Cashews

The cashew tree is a tropical evergreen tree that produces the cashew seed and the cashew apple.  It can grow as high as 14m (46 ft.), but the dwarf cashew, growing up to 6 meters (20 ft.), has proved more profitable, with earlier maturity and higher yields.

The cashew seed, often simply called a cashew, is widely consumed. It is eaten on its own, used in recipes, or processed into cashew cheese or cashew butter. The cashew apple is light reddish to yellow fruit, whose pulp can be processed into a sweet, astringent fruit drink or distilled into liquor.  The shell of the cashew seed yields derivatives that can be used in many applications from lubricants to paints.  The species is originally native to northeastern Brazil. Today, major production of cashews occurs in Vietnam, Nigeria, India and Ivory Coast.

Cashew oil is a dark yellow oil for cooking or salad dressing pressed from cashew nuts (typically broken chunks created during processing). This may be produced from a single cold pressing.  Cashew shell oil may be used as a resin for carbon composite products.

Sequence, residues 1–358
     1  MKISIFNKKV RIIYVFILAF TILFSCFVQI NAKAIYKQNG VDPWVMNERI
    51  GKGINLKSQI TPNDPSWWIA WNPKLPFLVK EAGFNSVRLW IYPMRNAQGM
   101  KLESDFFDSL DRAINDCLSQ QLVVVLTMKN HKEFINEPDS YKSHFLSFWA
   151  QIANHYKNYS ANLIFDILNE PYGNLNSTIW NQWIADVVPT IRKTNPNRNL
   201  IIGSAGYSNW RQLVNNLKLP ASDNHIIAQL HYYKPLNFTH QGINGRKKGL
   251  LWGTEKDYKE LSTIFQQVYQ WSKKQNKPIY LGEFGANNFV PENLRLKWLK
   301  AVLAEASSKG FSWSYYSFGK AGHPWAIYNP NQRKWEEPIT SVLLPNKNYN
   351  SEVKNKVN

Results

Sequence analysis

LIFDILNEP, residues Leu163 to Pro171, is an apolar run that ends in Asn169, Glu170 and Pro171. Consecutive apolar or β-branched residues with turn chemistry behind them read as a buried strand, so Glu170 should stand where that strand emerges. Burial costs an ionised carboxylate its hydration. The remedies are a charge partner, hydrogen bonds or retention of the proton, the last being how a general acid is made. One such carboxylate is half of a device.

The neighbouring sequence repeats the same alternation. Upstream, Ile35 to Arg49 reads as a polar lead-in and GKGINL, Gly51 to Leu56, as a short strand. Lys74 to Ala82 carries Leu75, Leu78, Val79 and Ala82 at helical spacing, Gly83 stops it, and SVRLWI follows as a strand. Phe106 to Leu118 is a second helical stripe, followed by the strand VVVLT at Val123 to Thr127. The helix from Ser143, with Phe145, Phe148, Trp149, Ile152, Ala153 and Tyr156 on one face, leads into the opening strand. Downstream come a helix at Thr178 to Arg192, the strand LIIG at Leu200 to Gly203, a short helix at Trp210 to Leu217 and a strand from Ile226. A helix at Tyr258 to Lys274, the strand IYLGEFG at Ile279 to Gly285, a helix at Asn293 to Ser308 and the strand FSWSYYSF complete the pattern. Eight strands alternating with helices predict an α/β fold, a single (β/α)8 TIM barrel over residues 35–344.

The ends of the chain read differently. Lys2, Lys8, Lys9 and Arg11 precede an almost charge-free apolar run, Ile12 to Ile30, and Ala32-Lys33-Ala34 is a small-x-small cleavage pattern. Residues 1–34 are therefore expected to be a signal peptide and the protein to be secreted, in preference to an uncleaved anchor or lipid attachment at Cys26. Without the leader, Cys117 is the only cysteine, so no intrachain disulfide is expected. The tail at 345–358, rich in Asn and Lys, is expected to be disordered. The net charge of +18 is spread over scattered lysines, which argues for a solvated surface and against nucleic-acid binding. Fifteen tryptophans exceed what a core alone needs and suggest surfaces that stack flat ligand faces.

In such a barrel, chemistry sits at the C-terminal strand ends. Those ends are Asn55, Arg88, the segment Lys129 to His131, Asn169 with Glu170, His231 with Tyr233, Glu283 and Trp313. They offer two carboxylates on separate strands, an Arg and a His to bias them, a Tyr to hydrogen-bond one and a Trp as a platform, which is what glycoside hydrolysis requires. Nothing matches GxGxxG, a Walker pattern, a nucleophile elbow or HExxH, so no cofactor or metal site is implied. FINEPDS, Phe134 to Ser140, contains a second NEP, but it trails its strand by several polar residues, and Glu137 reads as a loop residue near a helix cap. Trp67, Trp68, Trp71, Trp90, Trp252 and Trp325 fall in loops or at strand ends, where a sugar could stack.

In Goa, India, the cashew apple (the accessory fruit) is mashed and the juice extracted and kept for fermentation for a few days. Fermented juice then undergoes a double distillation process. The resulting beverage is called feni or fenny. Feni is about 40-42% alcohol. The single-distilled version is called urrac, which is about 15% alcohol.  n the southern region of Mtwara, Tanzania, the cashew apple (bibo in Swahili) is dried and saved. Later it is reconstituted with water and fermented, then distilled to make a strong liquor often referred to by the generic name, gongo. In Mozambique, cashew farmers commonly make a strong liquor from the cashew apple, agua ardente (burning water).  In traditional Maya medicine, the leaves or bark of cashew trees can be made into a tea to treat diarrhea.

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